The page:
For example, let’s say you are considering the relationship between obesity and depression (a common example). If you want to include depression as an independent variable to explain obesity in your model, you first need to consider the question:

Does depression lead to obesity, or does obesity lead to depression?

If you have no clear theoretical guidance to show that, in fact, depression usually precedes obesity (temporal precedence), you could introduce a significant problem to your model if the relationship is in fact the other way around: depression being the result of obesity.

Therefore, as you craft your model it is important to have a theoretical basis for the inclusion of each variable.

Multicollinearity

Multicollinearity occurs when the independent variables in a multiple regression model are highly correlated with one another. This can be a problem in several ways:

  • It reduces the parsimony of your model if the two variables are highly similar (e.g., two different variables that effectively measure the same thing);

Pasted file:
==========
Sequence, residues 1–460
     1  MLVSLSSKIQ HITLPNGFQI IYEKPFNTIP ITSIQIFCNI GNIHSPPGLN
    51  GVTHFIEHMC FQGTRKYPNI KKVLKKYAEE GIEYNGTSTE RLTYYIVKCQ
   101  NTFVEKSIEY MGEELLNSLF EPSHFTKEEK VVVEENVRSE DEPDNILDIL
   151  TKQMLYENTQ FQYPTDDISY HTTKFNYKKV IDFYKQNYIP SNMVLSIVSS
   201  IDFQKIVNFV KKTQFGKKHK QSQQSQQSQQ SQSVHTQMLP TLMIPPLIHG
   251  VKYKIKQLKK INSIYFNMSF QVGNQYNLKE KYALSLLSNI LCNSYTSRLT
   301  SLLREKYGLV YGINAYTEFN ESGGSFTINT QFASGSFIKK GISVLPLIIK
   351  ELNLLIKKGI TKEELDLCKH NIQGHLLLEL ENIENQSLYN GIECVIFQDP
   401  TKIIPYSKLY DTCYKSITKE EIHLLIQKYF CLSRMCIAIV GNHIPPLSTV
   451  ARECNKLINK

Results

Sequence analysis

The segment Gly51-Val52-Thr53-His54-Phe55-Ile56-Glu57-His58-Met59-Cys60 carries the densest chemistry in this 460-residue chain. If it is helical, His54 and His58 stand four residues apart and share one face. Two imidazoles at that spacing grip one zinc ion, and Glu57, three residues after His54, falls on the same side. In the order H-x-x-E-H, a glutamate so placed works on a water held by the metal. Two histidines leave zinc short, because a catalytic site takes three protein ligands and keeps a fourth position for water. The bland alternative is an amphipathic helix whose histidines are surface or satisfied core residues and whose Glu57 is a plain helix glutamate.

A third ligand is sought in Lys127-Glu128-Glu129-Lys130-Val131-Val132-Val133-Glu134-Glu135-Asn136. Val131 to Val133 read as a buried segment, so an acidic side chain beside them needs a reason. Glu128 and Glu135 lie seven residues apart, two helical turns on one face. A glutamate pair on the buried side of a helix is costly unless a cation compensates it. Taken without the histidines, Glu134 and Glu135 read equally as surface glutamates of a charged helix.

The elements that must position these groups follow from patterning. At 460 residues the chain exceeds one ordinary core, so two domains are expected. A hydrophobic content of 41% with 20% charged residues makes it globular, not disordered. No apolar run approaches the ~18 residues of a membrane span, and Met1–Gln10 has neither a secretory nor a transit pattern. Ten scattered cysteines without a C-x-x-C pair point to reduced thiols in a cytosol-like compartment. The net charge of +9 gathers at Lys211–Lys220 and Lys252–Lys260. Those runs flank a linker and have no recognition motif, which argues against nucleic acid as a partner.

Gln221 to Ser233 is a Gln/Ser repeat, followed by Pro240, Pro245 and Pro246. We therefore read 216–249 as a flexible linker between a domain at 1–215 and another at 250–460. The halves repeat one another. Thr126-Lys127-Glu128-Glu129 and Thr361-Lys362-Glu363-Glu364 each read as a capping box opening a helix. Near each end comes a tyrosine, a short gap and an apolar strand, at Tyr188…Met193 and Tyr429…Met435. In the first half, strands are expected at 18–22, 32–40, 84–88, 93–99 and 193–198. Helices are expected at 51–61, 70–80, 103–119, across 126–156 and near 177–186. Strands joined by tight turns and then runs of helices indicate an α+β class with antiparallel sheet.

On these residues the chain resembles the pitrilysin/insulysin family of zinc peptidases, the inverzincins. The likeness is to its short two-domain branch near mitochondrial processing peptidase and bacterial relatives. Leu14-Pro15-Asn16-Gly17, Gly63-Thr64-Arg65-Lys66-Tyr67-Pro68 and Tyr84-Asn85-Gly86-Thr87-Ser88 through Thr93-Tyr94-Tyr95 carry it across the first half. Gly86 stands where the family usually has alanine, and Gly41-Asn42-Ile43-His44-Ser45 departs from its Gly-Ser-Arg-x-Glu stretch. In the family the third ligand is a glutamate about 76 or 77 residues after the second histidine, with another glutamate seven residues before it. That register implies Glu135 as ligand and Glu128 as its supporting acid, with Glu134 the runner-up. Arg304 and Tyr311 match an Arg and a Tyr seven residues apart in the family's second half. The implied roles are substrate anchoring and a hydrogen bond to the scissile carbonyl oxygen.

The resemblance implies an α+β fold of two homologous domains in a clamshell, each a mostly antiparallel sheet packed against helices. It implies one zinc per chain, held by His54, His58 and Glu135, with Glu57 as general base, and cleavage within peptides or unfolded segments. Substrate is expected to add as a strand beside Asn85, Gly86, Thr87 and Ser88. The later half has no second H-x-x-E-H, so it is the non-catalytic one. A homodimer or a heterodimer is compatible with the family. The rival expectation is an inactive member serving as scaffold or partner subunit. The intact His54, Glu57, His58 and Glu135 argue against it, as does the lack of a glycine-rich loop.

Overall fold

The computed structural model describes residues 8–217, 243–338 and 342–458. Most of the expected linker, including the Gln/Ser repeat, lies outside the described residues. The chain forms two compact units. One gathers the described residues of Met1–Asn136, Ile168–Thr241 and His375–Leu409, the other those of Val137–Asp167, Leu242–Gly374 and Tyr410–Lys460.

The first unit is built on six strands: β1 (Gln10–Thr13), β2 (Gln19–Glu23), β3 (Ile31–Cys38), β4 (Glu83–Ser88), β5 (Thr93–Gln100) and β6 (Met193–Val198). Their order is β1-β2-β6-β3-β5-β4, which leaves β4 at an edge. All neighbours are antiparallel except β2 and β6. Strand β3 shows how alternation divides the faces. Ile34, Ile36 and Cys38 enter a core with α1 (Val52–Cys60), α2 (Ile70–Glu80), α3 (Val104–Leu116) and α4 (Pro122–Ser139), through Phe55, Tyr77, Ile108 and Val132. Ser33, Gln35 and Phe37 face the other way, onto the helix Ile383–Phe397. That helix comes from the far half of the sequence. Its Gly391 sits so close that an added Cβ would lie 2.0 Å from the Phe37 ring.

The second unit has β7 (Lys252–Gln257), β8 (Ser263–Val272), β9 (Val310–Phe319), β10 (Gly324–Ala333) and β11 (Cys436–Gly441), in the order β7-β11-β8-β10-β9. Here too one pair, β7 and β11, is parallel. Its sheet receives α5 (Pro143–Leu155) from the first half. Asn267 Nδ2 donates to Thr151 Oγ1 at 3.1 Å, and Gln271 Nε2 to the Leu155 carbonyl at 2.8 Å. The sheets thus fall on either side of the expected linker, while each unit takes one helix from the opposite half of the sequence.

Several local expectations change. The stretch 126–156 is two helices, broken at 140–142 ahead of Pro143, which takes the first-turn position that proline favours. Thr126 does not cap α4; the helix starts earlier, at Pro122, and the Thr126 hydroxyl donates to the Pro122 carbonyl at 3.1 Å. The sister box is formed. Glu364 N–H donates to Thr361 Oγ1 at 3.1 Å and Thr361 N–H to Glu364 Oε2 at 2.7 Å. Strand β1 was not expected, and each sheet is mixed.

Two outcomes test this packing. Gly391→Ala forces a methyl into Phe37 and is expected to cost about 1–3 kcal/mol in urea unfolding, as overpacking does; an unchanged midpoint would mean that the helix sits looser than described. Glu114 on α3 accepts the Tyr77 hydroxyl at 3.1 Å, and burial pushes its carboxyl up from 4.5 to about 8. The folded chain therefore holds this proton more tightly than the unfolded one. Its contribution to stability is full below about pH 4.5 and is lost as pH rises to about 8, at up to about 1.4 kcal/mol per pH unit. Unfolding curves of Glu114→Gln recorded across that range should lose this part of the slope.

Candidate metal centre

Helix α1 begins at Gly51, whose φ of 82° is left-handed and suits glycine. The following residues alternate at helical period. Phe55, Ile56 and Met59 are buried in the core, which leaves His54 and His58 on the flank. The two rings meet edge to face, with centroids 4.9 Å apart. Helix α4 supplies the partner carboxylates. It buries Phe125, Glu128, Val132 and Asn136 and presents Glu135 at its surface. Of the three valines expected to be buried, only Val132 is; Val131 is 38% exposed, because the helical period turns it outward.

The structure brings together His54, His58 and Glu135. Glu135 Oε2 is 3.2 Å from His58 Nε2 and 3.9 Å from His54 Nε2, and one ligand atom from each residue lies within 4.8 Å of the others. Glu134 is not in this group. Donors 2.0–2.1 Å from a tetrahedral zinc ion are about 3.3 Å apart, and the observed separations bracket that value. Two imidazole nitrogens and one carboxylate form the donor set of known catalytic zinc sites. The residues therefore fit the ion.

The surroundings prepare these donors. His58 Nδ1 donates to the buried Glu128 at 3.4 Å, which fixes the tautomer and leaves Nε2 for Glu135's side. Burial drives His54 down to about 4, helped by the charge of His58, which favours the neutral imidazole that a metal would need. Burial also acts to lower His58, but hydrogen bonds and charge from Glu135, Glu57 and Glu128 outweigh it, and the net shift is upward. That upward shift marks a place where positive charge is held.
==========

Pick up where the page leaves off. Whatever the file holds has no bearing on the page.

• Multicollinearity can lead to erratic changes in the coefficients (measured effect) of predictor variables;
  • As a result, it can be difficult to interpret the results of a model with high multicollinearity among predictors. Specifically, it becomes impossible to discern the individual effect of different regressors.

An example of variables that are going to be highly multicollinear are any variables that effectively measure the same thing. One way to show this, for the purposes of an example, is to imagine converting categorical data into a series of binary variables.

Any variables that effectively measure the same concept are likely to have high collinearity.

For example, let’s say that we have a variable measuring memory where respondents are able to choose very good, average, or poor as a response.

One way to use this data in a regression model would be to convert the data into three dichotomous (yes/no) variables indicating a person’s response.